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Among the major themes in the novel, one of the most interesting to analyze is the ambiguity with which Hawthorne narrates many of the major events. Ambiguity, as a theme, touches upon a lot of the issues in the novel.
One of the ways that Hawthorne uses ambiguity is in the description and actions of Dimmesdale. While the narrative is focalized through the emotions of Hester Prynne, Dimmesdale remains in the back. Even his name embodies the nature of his gradual "dimming" in the story until the moment of this death. His once dashing personality has been weakened by the sin that he hides, and which he had to witness Hester pay for by herself. Hence, the name "Dimmesdale" is a symbol of the ambiguous man who we never get to meet entirely.
Ambiguity is also seen in the way in which the townspeople view Governor Bellingham (whose last name also symbolic of an opulent, thick, fat, and superfluous man) lives a double standard: life as a pilgrim, and life as a rich man. Whether the townsmen ever question this dichotomy is unknown to the reader. That is a sign of ambiguity.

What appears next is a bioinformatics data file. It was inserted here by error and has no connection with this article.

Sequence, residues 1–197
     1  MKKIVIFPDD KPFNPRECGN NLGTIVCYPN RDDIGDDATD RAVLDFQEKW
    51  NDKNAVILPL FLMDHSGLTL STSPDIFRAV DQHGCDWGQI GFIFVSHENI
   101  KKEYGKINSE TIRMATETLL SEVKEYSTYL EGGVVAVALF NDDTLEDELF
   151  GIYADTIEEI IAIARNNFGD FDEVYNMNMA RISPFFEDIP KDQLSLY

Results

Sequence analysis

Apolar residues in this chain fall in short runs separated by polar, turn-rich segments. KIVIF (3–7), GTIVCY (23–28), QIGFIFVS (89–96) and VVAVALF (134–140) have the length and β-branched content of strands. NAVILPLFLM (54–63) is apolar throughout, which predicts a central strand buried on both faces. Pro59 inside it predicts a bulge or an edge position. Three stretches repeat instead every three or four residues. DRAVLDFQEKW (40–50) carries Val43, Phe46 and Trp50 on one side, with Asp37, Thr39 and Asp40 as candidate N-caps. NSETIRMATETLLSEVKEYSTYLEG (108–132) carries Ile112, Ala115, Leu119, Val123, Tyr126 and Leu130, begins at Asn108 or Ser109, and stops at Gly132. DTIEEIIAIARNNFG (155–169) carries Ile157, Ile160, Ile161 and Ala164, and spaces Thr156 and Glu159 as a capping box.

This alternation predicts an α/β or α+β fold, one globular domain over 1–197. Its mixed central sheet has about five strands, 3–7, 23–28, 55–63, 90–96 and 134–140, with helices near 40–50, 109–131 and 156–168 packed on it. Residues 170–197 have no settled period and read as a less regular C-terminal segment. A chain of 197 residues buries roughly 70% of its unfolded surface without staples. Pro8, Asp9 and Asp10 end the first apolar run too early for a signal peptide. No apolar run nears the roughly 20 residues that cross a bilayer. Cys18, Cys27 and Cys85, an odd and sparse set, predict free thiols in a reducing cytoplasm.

Finally, the manner in which Dimmesdale dies and the town re-tells his story shows that it is also unknown to the reader whether the townsmen believed Dimmesdale's confession or if, instead, they chose to believe what they wanted. Even Hawthorne says
"The reader may choose among these theories."
Therefore, as a major theme, ambiguity plays the role of making the reader come to conclusions as far as the backbone of each character, about their actual state of mind, and about the mindset of the villagers as a community.
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